for National Geographic News
When Mount St. Helens erupted 25 years ago, the north face of the volcano collapsed in a massive rock-debris avalanche. The landslide and the accompanying flow of searing gases instantly obliterated the surrounding landscape in southwestern Washington State on May 18, 1980.
(Recent eruptions have been markedly less cataclysmicsee recent photo.)
In 1980, after flying in by helicopter, Virginia Dale was among the first ecologists to see the devastation up front.
"It appeared to be totally lifeless," said Dale, who works at the Oak Ridge National Laboratory in Tennessee. "Everything was gray. There was nothing there."
Or so it seemed.
On closer inspection Dale found pockets of survival, often something as small as a piece of root close to the surface. When she came back in summer, she saw that a few herbs known as lupines had begun to spring to life. "The fact that anything could do that was just phenomenal," she said.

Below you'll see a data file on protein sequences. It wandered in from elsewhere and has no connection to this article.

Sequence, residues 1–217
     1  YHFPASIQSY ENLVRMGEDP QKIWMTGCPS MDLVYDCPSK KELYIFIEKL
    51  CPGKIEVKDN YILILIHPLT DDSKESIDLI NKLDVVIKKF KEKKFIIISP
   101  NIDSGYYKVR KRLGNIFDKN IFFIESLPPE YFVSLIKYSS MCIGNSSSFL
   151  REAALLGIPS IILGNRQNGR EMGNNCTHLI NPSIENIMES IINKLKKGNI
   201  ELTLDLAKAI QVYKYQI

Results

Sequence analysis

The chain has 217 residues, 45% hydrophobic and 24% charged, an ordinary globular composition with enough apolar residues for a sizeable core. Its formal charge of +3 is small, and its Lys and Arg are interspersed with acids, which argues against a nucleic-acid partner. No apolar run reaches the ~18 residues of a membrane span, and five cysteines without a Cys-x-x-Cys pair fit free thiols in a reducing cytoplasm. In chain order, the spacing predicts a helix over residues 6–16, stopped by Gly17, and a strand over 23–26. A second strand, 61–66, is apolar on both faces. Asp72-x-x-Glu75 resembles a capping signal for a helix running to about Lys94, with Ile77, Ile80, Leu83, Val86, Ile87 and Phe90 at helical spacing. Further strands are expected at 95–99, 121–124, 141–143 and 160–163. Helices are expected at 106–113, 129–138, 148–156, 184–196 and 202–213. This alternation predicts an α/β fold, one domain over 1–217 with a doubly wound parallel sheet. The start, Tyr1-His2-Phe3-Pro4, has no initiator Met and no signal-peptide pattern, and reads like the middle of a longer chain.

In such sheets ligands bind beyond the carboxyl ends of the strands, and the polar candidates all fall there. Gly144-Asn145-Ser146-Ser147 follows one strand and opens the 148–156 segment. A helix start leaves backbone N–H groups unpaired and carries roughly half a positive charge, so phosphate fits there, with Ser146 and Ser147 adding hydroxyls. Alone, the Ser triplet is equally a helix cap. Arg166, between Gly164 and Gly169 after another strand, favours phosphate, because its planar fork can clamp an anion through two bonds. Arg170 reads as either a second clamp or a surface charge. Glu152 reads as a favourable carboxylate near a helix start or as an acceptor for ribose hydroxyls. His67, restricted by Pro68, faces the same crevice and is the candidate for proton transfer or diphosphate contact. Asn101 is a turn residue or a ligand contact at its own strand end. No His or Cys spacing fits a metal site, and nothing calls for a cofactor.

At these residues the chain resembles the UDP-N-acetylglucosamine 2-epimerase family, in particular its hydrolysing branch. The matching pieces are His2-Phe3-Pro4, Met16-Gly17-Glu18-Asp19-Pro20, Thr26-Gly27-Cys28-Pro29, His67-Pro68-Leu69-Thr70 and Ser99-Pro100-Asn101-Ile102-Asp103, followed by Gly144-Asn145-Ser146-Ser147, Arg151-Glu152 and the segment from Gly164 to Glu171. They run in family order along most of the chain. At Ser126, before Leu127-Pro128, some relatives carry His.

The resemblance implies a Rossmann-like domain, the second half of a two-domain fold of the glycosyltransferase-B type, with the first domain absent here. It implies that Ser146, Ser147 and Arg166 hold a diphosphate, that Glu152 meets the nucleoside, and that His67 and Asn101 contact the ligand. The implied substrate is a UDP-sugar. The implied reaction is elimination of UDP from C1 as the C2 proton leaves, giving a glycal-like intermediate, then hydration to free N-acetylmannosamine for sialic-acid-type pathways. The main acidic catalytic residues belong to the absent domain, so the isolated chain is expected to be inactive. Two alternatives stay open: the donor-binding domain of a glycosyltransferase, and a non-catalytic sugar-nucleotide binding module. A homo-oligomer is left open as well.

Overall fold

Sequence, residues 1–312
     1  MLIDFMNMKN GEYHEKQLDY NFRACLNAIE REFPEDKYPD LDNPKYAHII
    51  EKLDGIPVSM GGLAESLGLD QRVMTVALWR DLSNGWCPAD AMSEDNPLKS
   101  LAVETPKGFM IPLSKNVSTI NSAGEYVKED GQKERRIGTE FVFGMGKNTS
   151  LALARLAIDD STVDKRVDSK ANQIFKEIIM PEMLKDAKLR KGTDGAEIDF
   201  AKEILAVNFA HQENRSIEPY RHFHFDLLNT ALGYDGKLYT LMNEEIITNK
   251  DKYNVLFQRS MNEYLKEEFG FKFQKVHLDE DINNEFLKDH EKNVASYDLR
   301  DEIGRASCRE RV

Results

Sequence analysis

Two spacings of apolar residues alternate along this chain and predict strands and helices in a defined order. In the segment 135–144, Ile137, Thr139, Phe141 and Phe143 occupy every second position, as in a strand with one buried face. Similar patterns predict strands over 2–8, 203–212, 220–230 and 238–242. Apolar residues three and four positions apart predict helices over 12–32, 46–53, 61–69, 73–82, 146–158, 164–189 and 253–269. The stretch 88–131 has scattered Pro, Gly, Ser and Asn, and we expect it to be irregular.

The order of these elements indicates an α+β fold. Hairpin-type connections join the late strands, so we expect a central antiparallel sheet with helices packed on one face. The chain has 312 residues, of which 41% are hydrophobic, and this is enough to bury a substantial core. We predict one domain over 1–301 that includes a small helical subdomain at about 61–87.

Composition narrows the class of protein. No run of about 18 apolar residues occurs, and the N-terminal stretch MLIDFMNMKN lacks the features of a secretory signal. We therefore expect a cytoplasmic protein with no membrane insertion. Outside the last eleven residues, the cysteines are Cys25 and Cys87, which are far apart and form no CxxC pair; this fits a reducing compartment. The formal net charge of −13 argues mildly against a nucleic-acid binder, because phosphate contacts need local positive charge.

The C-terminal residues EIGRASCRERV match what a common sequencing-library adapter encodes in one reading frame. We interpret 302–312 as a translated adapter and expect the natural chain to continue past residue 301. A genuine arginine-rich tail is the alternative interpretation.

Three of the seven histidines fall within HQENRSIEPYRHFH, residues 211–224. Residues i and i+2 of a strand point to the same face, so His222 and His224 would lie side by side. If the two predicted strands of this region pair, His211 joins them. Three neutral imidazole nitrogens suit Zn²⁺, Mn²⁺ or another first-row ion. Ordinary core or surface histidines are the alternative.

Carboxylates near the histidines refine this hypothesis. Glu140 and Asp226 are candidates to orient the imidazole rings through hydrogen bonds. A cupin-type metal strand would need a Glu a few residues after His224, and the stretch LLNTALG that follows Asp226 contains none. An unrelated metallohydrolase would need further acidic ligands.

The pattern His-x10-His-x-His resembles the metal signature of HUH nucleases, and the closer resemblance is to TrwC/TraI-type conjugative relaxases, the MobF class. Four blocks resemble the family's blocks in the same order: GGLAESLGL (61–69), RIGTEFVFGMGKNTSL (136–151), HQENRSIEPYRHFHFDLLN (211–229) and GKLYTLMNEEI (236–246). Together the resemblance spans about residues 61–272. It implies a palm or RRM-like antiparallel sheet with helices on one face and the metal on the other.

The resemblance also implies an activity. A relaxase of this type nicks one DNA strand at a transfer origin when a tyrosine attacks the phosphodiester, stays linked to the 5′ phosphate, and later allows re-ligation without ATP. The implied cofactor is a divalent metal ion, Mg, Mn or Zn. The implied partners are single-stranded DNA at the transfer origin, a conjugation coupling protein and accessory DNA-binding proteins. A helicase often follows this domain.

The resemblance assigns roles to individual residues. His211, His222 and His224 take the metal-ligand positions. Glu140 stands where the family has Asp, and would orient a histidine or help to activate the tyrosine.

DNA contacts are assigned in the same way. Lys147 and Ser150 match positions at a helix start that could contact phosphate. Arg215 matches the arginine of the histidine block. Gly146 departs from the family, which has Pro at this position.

In fact, scientists are stunned at the area's recovery. In the 25 years since the eruption, Dale has counted more than 150 species of wildflowers, shrubs, and trees that have returned to the debris deposit she has been studying.
To Dale and other scientists, Mount St. Helens has been a unique natural laboratory in which to test models of ecological recovery after a natural disaster.
The ecological recovery turned out to be different than the models had predicted. "The patterns of impact and destruction were not as anticipated, and survival and establishment [of new plants and animals in affected areas] have also been different than theory would have predicted," Dale said.
Dale, who received National Geographic Society funding for her research, is the co-editor of a new book, Ecological Responses to the 1980 Eruptions of Mount St. Helens. The book documents the research of dozens of scientists studying Mount St. Helen's comeback. She is also the co-author of an article on the St. Helens that appears this week in the academic journal Science.
Breaking the Rules
Mount St. Helens erupted with 500 times the force of the Hiroshima atomic blast. The accompanying landslide was the largest in recorded history. Forests, meadows, streams, and lakes were turned into ash-gray wastelands.
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